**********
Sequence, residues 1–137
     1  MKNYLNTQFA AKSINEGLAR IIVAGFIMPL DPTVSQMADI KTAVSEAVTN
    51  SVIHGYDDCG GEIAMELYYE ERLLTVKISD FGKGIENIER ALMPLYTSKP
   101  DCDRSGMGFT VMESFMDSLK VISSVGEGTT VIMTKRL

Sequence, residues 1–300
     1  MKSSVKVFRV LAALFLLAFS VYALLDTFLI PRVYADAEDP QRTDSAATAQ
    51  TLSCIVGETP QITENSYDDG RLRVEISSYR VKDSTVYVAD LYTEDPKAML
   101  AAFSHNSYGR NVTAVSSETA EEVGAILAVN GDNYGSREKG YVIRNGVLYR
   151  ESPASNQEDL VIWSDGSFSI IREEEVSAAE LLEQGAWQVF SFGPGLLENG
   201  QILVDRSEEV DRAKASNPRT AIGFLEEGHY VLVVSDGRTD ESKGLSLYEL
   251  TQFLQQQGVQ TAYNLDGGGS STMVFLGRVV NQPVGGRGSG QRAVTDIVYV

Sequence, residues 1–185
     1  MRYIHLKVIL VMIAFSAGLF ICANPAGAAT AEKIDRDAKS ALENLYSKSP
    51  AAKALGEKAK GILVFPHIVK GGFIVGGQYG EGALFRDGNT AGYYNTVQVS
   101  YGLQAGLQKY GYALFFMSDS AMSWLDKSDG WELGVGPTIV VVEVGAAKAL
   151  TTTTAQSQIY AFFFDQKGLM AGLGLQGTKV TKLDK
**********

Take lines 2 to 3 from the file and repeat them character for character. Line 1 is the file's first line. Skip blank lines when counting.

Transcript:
     1  MKNYLNTQFA AKSINEGLAR IIVAGFIMPL DPTVSQMADI KTAVSEAVTN
    51  SVIHGYDDCG GEIAMELYYE ERLLTVKISD FGKGIENIER ALMPLYTSKP